Campuswide wellness committees with student representation are another signal of officials prioritizing student health. Autumn Spyhalsky, who will be a third-year pharmacy student in the fall at the University at Buffalo, was selected for such a role. As a member of the wellness task force, she has provided input on the planning of a facility on North Campus (the hub for most undergrads) to offer health services, including mental health.
At Boise State University, attention to health is obvious. The BroncoFit program attends to the whole person by focusing on eight dimensions of wellness, including physical. In 2019, newly inaugurated Boise State president Marlene Tromp formed a president’s wellness committee to advise her, and the strategic plan completed this February by a separate group includes a goal about developing a thriving community, which incorporates whole-person wellness. An implementation team will work across the university to ensure everyone is moving toward the metrics using tactics suggested, even down to the curricular level, she says, adding that the phrase “whole student” appears in other strategic plans in higher ed, but “people don’t know how to actualize it.”
Carolina Recchi, cofounder of EdSights, which uses AI-powered chat bots to help higher ed institutions improve retention and hence collects a lot of data on the daily life of more than 200,000 students at its client institutions, says campus leaders had great interest in seeing data this year about areas of student struggle. “There was a lot of talk about mental health and wellness in cabinet and alumni meetings, but there wasn’t as much action. It’s understandable, but I think there’s still the work to do. It’s been more about coming to terms with the magnitude of the problem and getting data to back up future decisions.”
In their comments, several Student Voice survey respondents connected the level of care to the level of COVID-related caution. Respondents who are currently taking all classes online from home were slightly more likely than those back on campus to strongly agree their college cares about health.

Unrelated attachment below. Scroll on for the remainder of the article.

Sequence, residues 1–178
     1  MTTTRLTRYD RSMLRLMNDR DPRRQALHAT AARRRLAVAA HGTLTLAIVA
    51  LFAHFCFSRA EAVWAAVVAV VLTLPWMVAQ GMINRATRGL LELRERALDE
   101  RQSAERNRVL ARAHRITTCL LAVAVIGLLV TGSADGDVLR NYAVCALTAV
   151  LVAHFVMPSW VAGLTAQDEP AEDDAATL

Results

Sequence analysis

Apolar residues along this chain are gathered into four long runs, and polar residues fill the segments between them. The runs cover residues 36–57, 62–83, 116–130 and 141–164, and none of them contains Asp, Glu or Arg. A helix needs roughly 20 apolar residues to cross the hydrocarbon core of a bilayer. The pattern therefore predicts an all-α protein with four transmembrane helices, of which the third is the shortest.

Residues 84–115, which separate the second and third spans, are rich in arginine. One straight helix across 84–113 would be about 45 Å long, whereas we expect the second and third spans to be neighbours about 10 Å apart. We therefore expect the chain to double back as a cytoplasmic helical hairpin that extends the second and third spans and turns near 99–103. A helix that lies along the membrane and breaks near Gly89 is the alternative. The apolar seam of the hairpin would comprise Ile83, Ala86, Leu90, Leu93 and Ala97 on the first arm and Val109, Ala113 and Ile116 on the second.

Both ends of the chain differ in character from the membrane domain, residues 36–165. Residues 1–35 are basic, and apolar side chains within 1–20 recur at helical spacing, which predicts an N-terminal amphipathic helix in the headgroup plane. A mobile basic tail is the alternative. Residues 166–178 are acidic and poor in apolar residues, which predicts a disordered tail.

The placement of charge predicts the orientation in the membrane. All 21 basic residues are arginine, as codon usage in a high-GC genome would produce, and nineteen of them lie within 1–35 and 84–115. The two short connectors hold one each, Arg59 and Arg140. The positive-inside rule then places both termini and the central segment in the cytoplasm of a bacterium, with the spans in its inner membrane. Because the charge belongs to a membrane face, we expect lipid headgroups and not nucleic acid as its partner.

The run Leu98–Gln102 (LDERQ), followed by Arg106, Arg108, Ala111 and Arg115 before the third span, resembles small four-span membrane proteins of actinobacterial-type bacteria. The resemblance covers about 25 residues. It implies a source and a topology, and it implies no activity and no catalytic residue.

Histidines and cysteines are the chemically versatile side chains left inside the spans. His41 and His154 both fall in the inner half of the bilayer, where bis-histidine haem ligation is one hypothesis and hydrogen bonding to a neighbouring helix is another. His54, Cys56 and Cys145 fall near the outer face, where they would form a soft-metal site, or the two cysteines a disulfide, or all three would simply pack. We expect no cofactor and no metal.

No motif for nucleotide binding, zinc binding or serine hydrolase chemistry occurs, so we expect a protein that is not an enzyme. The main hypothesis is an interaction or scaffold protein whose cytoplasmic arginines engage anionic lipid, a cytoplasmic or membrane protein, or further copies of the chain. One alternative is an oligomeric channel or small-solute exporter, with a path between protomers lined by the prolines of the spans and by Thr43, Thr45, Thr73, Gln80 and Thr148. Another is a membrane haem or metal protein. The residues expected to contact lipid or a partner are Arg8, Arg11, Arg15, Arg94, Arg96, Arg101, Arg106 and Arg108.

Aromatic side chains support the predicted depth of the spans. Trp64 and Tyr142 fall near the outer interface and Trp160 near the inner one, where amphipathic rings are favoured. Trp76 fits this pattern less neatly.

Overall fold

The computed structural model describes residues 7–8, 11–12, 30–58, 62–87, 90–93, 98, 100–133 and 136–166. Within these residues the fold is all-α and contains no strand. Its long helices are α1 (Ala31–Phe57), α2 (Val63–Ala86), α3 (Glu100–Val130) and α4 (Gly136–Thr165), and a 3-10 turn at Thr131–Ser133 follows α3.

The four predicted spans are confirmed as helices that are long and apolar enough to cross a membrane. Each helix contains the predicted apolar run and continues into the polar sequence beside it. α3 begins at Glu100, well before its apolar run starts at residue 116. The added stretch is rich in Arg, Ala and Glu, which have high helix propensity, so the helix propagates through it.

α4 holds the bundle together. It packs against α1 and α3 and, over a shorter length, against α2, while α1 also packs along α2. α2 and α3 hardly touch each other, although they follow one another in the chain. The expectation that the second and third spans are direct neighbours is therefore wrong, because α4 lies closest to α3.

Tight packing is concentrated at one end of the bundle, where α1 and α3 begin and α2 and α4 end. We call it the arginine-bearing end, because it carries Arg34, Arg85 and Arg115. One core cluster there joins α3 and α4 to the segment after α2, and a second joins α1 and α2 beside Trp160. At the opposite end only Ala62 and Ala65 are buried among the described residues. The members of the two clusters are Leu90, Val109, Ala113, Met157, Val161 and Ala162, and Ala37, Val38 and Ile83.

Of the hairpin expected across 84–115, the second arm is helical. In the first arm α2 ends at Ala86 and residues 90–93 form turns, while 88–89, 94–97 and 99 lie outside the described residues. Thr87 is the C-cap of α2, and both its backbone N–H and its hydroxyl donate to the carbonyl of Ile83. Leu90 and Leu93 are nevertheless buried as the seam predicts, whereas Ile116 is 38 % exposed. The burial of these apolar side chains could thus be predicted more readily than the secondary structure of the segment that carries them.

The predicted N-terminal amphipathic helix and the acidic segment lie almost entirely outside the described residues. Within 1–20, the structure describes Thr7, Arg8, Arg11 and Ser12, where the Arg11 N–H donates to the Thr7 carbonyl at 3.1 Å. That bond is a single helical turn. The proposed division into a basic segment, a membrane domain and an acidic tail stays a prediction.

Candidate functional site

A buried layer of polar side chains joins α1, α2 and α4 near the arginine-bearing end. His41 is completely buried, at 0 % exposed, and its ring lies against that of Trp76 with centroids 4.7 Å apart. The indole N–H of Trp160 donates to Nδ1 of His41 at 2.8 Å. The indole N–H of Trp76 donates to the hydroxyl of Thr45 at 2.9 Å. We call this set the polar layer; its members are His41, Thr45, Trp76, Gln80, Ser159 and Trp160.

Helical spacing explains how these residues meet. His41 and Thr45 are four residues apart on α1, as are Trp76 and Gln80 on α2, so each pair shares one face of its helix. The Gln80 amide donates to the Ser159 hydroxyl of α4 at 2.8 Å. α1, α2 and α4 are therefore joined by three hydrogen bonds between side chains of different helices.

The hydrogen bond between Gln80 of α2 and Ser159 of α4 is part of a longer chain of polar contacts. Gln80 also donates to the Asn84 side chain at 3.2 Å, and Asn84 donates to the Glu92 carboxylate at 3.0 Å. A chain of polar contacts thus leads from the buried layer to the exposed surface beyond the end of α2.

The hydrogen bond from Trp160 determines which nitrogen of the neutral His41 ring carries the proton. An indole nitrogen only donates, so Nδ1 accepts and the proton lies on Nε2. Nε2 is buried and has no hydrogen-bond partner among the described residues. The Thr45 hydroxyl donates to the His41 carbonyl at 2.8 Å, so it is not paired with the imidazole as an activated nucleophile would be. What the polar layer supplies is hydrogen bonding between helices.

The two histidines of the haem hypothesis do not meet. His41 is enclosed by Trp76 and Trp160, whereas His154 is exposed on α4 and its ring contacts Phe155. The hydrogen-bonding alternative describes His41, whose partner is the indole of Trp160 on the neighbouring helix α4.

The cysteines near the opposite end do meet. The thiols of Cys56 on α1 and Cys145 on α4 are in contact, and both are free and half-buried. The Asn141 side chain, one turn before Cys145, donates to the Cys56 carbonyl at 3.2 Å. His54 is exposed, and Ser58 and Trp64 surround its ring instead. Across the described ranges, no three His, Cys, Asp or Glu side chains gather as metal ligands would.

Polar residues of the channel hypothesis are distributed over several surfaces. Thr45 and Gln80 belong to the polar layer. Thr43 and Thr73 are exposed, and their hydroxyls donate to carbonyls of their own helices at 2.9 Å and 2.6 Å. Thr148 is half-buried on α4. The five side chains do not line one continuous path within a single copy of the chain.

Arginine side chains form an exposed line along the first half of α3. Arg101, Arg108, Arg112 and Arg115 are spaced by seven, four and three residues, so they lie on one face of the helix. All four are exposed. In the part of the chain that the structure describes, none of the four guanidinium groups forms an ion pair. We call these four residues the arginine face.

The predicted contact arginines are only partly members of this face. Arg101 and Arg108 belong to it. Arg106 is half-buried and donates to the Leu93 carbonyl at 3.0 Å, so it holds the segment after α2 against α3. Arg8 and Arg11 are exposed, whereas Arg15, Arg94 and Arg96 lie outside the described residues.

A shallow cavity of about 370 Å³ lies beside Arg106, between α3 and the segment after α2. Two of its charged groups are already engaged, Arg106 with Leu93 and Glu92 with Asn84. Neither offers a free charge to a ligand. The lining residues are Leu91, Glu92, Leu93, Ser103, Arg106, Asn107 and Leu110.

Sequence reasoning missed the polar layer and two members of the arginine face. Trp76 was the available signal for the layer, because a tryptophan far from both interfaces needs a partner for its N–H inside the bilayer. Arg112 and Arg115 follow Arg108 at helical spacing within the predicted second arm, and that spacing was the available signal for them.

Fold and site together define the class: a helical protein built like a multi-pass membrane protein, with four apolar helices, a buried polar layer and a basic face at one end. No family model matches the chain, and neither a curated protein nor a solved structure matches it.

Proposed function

One student criticized his university in the Northeast for shutting down gyms and classrooms, plus decreasing physical activity and healthy food options. “The only thing these restrictions did was make it harder for college students to make good decisions and make it easier for them to be lazy and unhealthy,” the student wrote.
From DJ Pepito’s perspective as chief programs officer at NACAS, the National Association of College Auxiliary Services, administrators are especially cognizant of food insecurity among students and other basic needs. “There’s a heightened awareness now among campus leaders about the severity of basic needs issues across colleges today,” she says. The NACAS Foundation awards up to $25,000 annually for related efforts through its Campus Care Grant.
Here’s more on the choices students are making about their health and challenges they face in maintaining a healthy lifestyle, as well as what higher ed institutions can do to support students now and moving forward.
Moving, Eating, Sleeping and Socializing
As noted, the more than four in 10 students getting less physical exercise now compared to pre-pandemic are most likely to select loss of motivation as the primary reasons they are moving less. “It’s torture being in my room all day,” says Spyhalsky, who has had very limited in-person learning this year. She will still force herself to go running or occasionally rock climbing or to the gym.